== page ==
“We hope that in this Christmas season, which involves celebrations and joy for our Savior's birthday, arrangements for the release of these Christians can be made and they will be released as soon as possible.”
Intense control over churches by security authorities
Mohabat News said this year Christmas Day was on Sunday, and Sundays are work-days in Iran.
“So, Iranian Christians gathered in churches on Friday, December 23 to celebrate Christmas, give thanks to God and worship their Lord, as Friday is a weekend day in Islamic countries.”
The agency goes on to say that based on the reports received by Mohabat News, agents of the intelligence office of Ahwaz predicted that large number of people might gather in the church on this date. Therefore they watched all traffic to the church on December 22. Then they attacked the church right at the time of celebration and arrested all attendees.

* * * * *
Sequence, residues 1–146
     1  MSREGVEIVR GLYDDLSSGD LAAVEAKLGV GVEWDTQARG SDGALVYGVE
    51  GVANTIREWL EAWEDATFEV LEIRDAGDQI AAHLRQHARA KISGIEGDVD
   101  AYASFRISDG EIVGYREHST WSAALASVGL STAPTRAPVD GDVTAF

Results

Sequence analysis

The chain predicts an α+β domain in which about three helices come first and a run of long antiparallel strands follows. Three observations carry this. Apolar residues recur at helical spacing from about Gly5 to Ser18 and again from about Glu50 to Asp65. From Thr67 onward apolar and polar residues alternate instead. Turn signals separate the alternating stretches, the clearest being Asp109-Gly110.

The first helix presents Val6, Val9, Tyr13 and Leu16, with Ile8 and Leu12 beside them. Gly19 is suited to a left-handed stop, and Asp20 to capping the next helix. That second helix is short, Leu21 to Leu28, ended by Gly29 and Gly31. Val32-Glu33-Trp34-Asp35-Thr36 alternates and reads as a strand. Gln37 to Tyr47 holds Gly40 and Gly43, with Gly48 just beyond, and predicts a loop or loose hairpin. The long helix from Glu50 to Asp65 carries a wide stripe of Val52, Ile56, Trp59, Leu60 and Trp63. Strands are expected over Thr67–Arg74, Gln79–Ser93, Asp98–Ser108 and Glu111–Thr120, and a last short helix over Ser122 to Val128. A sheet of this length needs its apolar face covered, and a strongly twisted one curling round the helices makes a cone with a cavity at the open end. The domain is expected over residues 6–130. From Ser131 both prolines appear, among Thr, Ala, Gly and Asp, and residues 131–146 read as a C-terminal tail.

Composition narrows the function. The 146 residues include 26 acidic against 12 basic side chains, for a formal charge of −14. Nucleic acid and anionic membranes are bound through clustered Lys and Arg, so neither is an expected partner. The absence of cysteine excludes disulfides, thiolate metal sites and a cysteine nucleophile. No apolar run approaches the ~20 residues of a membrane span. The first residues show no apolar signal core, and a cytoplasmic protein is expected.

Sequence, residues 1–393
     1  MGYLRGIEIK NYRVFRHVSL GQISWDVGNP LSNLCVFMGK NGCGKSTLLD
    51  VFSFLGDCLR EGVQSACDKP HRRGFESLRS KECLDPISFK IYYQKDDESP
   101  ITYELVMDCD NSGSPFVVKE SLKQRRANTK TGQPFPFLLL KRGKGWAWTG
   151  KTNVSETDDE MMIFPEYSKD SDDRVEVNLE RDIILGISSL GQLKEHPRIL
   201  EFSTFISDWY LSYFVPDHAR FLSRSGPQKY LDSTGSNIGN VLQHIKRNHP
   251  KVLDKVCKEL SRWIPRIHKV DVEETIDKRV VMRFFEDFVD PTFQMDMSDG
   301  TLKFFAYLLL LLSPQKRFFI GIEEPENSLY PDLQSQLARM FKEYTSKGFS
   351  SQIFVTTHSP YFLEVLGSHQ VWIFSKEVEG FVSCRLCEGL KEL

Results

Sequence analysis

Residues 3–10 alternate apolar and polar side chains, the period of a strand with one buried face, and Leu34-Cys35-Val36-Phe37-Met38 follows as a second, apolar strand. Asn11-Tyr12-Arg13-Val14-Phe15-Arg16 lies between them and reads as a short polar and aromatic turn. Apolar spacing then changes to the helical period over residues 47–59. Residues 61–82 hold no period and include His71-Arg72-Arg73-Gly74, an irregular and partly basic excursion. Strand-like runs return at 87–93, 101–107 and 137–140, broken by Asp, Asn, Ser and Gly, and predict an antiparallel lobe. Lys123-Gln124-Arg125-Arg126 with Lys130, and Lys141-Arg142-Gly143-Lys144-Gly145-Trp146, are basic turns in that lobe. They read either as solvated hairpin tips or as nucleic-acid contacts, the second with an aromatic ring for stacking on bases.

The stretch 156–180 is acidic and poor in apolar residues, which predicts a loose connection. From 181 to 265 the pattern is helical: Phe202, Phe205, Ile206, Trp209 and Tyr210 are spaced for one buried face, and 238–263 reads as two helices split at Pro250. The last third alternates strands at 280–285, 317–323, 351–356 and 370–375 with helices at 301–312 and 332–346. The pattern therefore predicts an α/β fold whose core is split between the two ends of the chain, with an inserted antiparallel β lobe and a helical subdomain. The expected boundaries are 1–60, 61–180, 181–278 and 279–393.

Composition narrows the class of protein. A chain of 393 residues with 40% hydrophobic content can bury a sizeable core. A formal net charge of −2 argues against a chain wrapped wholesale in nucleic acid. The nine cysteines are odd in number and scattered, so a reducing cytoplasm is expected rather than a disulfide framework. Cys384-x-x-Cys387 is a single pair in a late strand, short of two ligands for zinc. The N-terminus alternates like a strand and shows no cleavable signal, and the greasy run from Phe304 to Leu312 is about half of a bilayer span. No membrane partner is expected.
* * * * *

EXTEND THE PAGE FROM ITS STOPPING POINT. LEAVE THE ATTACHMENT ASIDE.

The agency added: “It is being said that one of the reasons for this attack by security agents was that the church leaders had neglected the warnings and orders of the Ministry of Intelligence which watches closely over the congregations and members of the official churches. Each month this ministry also summons the church leaders and gives them instructions which they are obliged to observe in their churches.”
Mohabat News explained that Article 13 of the Iranian constitution clearly states that Zoroastrians, Jews and Christians are the only recognized religious minorities in Iran.